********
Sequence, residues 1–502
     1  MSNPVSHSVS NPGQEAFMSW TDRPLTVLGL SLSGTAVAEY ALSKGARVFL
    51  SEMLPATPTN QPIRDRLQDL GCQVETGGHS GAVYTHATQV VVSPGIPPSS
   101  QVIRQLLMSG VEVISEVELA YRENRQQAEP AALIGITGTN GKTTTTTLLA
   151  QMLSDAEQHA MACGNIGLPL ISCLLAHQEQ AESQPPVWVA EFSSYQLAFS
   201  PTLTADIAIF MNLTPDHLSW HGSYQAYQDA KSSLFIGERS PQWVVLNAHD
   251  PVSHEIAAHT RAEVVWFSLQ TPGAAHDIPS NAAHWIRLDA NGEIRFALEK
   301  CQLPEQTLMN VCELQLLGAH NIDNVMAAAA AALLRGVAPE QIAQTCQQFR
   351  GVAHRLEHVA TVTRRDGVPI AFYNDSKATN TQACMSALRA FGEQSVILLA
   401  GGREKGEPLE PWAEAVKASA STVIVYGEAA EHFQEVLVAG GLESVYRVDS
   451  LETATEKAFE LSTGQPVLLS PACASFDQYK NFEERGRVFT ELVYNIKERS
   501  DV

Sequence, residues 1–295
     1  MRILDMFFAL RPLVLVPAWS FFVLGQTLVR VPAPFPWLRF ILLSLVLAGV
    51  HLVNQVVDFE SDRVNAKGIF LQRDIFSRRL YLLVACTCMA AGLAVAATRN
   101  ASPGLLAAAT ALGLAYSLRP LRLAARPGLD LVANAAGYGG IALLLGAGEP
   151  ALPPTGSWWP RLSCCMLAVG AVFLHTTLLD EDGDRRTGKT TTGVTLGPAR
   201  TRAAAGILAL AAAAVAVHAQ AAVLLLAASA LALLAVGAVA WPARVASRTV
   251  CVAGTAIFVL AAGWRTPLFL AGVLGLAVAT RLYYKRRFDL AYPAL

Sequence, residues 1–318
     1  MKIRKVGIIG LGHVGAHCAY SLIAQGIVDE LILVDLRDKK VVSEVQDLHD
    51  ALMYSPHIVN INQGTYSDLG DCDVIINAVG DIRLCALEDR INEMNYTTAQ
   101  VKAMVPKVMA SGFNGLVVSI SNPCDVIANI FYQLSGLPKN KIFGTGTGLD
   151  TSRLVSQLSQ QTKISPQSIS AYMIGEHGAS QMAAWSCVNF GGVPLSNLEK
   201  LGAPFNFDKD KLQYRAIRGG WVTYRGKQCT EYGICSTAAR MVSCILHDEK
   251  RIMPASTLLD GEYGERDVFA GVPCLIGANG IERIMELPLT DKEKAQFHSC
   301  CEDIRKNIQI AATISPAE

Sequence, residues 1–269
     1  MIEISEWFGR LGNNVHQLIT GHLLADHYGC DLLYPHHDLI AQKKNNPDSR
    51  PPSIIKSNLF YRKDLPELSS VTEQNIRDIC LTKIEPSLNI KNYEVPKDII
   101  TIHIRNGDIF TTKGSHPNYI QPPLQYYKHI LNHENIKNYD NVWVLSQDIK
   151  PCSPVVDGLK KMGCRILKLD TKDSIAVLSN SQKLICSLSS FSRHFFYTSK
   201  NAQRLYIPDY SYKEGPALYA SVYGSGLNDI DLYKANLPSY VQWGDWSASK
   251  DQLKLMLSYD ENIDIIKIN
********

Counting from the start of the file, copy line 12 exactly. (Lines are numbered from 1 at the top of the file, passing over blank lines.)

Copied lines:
   501  DV